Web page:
To register a question, and to submit completed Archimedes topics, please email firstname.lastname@example.org first. The creation of such a topic summary follows this process:
- Selection of a clinical scenario
- Definition of the clinical question
- Search for answers
- Appraise the evidence
- Create a critically appraised topic (CAT)
- Summarise as a best evidence topic (BET)
The best evidence topic is the final accumulation of the critical appraisal. The strict format allows the casual reader to extract important information quickly and easily. An example template is available here.
Images in Paediatrics
This is a really useful format for trainees, and those who are keen to start publishing, as well as established authors. We would welcome submissions to the above categories should take the form of a striking or clinically important image, as well as up to 250 words of text (and up to 5 references). The text should carry a brief clinical outline, and a clear clinical message or learning point. Two images can be submitted simultaneously, but this will require reducing the word count.
One tip is perhaps to compare the clinical image with Google Images, to ensure that the image is not replicating a well-known appearance. Please ensure that for all Image submissions, you also upload a scanned patient consent form as a supplemental file. Please click here for the Patient Consent Form. If an image is good but describing a well-known appearance: consider the criteria for submitting an Epilogue instead.
For further support when making your submission please refer to the resources available on the BMJ Author Hub. Here you can also find general formatting guidelines across BMJ and a formatting checklist.
Rapid responses to articles published
Letters in response to articles published in the Archives of Disease in Childhood are welcome and should be submitted electronically via the journal’s website and NOT to Scholar One. Contributors should go to the abstract or full text of the article in question. At the top right corner of each article is a “contents box”. Click on the “eLetters: Submit a response to this article” link.
Letters relating to or responding to previously published items in the journal will be shown to those authors, where appropriate.
Word count: up to 300 words
Abstract: not required
Tables/Illustrations: up to 2 (but must be essential)
References: up to 5
These are commentaries commissioned by the editors to provide background and context for published articles.
Word count: up to 1200 words
Abstract: not required
Tables/Illustrations: up to 2
References: up to 5
These are usually commissioned. Short proposals can be sent in advance to the Editor-in-Chief or Commissioning Editor.
Viewpoints should be argument-led but evidence-based. They reflect on issues broader in scope than a specific clinical entity. These issues may be clinical, but Viewpoints can also cover issues in: public health; health policy and law; workforce, education and training; research and research methods; global health; ethics. These articles should not present original research data.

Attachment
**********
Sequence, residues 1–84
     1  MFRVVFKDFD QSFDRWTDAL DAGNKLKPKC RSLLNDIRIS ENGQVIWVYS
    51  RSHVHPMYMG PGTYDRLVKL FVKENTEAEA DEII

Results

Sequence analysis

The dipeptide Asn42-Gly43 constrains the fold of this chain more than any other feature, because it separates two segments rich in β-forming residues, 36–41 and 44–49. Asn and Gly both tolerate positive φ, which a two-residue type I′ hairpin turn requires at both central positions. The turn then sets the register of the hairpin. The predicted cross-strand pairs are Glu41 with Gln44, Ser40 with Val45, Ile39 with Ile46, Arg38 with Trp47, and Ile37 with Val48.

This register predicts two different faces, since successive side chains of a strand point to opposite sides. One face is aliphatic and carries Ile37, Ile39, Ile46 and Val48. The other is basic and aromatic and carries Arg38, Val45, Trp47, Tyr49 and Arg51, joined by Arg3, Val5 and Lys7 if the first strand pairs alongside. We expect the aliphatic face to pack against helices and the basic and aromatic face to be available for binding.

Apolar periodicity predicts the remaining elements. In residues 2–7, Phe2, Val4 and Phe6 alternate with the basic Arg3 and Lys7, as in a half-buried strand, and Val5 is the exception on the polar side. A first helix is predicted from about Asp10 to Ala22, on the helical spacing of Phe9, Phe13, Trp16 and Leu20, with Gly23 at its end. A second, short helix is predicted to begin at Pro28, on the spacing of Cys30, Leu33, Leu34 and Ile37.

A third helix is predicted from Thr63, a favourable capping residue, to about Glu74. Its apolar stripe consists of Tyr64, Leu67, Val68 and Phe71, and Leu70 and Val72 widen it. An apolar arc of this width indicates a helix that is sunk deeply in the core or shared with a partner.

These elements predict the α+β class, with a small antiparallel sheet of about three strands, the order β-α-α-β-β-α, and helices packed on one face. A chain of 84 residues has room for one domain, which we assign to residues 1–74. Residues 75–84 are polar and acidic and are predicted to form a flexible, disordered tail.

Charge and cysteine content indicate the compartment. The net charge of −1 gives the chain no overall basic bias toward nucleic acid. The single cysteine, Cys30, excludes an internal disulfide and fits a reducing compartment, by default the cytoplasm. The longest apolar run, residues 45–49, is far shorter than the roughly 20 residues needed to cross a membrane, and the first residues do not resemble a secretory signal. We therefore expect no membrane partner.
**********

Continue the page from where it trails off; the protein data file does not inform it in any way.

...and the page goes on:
Authors: max three
Word count: max 1200
Figures/Tables: max one, small
References: max seven
Reviews should provide a balanced account of all aspects of a subject related to paediatrics or child health. Reviews are usually clinical. The pros and cons of any contentious or uncertain aspect should be described.
Reviews may be submitted on general topics or within our ‘banner’ sections: Global child health, Adolescent health, Health policy, Quality improvement or Drug therapy.
Systematic Reviews are classified by the journal as original articles and must be submitted as such.
Reviews are often commissioned. Please contact the Commissioning Editor or the relevant section editor to discuss ideas. They are listed on the Editorial Board.
Authors: no limit, international collaborations encouraged
Abstract: max 250 words
Word count: max 3000
References: max 40
This section includes three main strands: Voices from our patients, Voices from our past and Voices from literature.
No Voices articles will be published without passing peer review. Some submissions may be rejected without peer review and the rejection letter will explain why. Reasons for rejection will include substantial deviation from the guidance below, recent publication of a similar article, or editorial judgement on interest and relevance to the audience. Peer review may mean the article needs to be revised; editorial support will be provided if required and practicable.
Articles should be submitted online and will need to be in the format required by the system.
Voices… from our patients
These articles can be written by young people who are or have been patients; their parents or carers; or jointly. They should contain messages that are thought-provoking and challenging for readers of ADC, along the lines of “What I wish you knew, and why.”
Articles can be about any aspect of patient care and experience. From lessons for doctors from a single healthcare appointment to those from a lifetime of managing a chronic disease. They can be issue based, offer a new angle on a familiar situation, or ask controversial questions from the patient or parent’s perspective. They need not be about incidents where care and understanding was not optimal. They can also be about things that have gone well.
Above all, they should give healthcare professionals and policy-makers something to take away and put into practice. It is important for authors to be as specific as possible about the recommendations that flow from their experience. “Communicate well” is not as useful as “when the doctor said xyz it made it easier for me to do abc”.
What to include
“What you need to know”. Three short bullet points to list the practical things health professionals might consider doing after reading the article.
We are happy to consider a second box containing, for example, useful websites or other learning resources for health professionals.